Sculptor, born at Keswick, Cumbria. His family moved to Switzerland in 1880 and by 1885 were in Germany where Wood began his art education at the Kunstgewerbeschule in Karlsruhe. After his family’s relocation to Shropshire in 1887, Wood worked as a modeller, firstly for Maw & Co and then the Coalbrookdale Iron Co. In 1890, he enrolled at the National Art Training School, South Kensington, where he studied modelling under Edouard Lantéri. In 1891, he worked as an assistant to Alphonse Légros at the Slade School of Fine Art. He entered the RA Schools in 1894 while working as an assistant to Thomas Brock, and in 1895 won the Gold Medal and Travelling Studentship with his group, Daedalus and Icarus (plaster at Russell-Cotes Art Gallery, Bournemouth; bronze at Bristol Museum & Art Gallery), which financed a year-long stay in Paris. From c.1897 to 1901 he was visiting director of modelling at Glasgow School of Art. He was elected a member of the AWG in 1901, was a founder member of the RBS in 1904, and was elected ARA in 1910 and RA in 1920. During the First World War he worked for the London General Hospital making masks to cover facial disfigurements. From 1918 to 1923 he was Professor of Sculpture at the RCA. His public statues include Sir Titus Salt (1903), Saltaire, Yorkshire; General Wolfe (1911), Westerham, Kent; Edward VII (1914), Rangoon; William Pitt (1918), Washington, DC; and Henry Royce (1923), Derby. His war memorials include St Mary’s Church, Ditchingham, Norfolk (1920); the Cotton Exchange, Liverpool (1922); Keswick (1922); and the Machine Gun Corps, Hyde Park Corner (1925). Wood also produced portrait busts and ideal works. In 1929, a bronze cast of his marble Atalanta (1909, Manchester Art Gallery) was erected on Chelsea Embankment as a memorial by his friends at the Chelsea Arts Club (of which he was for many years a member); sadly, this was stolen in 1991 and in 1994 was replaced with a replica. Wood and his wife (and, from 1904, their son) lived until c.1908 at 23 Clareville Grove, South Kensington, although by 1911 their improved financial situation had allowed them to purchase the lease on 18 Carlyle Square, Chelsea; Wood worked from a studio at 27 Glebe Place, Chelsea, from 1900 to 1925. He is buried in the churchyard at Amberley, Sussex, a bronze cast of his relief, The Lamentation, set into his headstone.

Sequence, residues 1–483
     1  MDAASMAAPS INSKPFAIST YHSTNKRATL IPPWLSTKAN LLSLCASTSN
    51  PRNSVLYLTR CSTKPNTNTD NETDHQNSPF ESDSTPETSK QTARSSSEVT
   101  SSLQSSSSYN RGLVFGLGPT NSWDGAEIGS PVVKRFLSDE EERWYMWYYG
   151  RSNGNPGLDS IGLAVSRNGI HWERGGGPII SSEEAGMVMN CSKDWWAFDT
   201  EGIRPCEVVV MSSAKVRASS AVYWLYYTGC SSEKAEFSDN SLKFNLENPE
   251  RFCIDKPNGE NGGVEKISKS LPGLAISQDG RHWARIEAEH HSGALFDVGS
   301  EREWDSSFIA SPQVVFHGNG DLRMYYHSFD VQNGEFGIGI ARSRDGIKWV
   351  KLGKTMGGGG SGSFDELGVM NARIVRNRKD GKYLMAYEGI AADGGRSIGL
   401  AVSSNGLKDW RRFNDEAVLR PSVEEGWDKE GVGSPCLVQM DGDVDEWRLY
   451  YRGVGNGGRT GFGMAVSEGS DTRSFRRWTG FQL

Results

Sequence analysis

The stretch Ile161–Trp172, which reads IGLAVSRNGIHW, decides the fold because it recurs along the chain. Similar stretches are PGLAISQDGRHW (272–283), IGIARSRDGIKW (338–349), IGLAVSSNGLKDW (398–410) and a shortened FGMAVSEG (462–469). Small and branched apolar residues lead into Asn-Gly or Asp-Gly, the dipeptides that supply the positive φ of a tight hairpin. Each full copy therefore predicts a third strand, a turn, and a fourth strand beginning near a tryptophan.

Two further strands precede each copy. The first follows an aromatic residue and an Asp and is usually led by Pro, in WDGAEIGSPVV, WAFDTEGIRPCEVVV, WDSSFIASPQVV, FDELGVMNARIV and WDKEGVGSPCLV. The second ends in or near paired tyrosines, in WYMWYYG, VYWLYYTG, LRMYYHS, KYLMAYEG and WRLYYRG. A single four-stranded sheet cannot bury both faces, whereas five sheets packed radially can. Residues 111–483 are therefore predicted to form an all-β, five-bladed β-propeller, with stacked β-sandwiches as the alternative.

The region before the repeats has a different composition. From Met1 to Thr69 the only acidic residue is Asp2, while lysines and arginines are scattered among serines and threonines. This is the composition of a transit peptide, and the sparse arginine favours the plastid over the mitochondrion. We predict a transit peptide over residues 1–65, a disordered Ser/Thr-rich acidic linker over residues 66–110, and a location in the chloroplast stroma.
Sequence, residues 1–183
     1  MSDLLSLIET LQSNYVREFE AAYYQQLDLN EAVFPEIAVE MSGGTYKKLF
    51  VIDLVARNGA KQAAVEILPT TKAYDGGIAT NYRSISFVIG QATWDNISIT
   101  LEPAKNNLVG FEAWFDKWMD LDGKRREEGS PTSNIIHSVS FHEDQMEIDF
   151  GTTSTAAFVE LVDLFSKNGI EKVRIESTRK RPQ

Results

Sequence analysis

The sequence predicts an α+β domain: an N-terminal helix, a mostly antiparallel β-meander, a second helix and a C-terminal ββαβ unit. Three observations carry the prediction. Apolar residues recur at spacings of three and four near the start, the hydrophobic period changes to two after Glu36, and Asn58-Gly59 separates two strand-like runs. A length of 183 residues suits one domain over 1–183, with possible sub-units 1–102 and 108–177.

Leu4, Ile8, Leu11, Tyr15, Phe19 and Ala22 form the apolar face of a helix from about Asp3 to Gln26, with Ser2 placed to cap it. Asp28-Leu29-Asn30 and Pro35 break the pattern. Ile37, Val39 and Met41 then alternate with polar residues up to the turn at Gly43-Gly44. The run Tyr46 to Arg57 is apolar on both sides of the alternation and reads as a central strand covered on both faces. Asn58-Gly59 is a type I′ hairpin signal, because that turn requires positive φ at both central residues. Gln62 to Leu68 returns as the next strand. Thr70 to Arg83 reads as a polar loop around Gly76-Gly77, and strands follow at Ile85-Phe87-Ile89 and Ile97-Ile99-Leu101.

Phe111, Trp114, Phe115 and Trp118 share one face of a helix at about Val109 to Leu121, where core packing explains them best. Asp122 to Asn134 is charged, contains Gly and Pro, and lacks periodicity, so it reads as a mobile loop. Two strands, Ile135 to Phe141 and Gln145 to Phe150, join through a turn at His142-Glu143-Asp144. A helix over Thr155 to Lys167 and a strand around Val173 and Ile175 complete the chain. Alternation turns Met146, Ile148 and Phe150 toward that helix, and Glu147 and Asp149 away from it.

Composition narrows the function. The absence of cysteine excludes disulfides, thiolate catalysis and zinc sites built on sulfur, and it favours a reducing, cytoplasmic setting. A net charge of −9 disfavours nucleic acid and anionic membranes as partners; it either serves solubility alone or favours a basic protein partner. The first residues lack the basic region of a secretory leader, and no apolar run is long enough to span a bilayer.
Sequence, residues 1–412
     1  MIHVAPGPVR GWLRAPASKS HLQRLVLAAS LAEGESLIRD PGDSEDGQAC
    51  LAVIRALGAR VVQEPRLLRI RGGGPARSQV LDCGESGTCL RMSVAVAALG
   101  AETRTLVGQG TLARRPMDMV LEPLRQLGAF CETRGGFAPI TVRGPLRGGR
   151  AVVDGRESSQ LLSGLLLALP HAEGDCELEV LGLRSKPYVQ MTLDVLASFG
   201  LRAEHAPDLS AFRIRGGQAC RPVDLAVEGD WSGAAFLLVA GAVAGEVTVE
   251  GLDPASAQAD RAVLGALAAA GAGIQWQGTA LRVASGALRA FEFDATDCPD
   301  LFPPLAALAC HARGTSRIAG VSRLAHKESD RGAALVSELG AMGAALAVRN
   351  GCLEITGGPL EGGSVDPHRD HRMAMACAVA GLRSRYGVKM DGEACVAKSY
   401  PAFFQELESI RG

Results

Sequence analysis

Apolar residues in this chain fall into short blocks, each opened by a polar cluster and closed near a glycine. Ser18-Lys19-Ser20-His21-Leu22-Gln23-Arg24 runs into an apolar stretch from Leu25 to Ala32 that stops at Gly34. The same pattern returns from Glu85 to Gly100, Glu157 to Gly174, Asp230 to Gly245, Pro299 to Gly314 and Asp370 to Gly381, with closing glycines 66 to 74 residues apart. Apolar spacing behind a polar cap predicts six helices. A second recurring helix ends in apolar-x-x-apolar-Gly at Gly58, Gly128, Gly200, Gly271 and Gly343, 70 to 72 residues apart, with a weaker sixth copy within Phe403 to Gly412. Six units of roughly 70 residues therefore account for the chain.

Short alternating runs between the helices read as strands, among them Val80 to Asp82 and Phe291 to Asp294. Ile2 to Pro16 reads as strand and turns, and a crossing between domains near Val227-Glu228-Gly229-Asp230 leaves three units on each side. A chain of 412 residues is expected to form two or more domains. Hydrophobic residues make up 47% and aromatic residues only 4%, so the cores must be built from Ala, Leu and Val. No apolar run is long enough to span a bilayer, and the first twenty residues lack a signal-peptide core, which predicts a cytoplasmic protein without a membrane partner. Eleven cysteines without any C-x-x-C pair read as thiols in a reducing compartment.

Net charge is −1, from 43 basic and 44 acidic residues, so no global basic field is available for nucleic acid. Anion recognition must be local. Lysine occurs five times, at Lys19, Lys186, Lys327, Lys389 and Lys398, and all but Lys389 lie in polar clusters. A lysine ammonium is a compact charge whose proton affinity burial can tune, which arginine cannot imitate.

Sources: Beattie, S., The New Sculpture, New Haven and London, 1983; Crellin, S., ‘Hollow Men: Francis Derwent Wood’s Masks and memorials, 1915–1925, Sculpture Journal, vol. VI, 2001, pp. 75–88; Crellin, S., ‘Wood, Francis Derwent (1871–1926)’, ODNB, Oxford, 2004; Mapping Sculpture; Parkes, K., ‘Francis Derwent Wood, R.A.’, American Magazine of Art, Vol. 18, No. 2 (February 1927), pp. 79–87; Royal Academy of Arts website; The Times, 20 February 1926, p. 14 (obit.); Withey, M., The Sculpture of Francis Derwent Wood, London, 2015.
Terry Cavanagh November 2022
Francis Derwent Wood, photographer unknown, c. 1914, bromide print (photo: © National Portrait Gallery, London)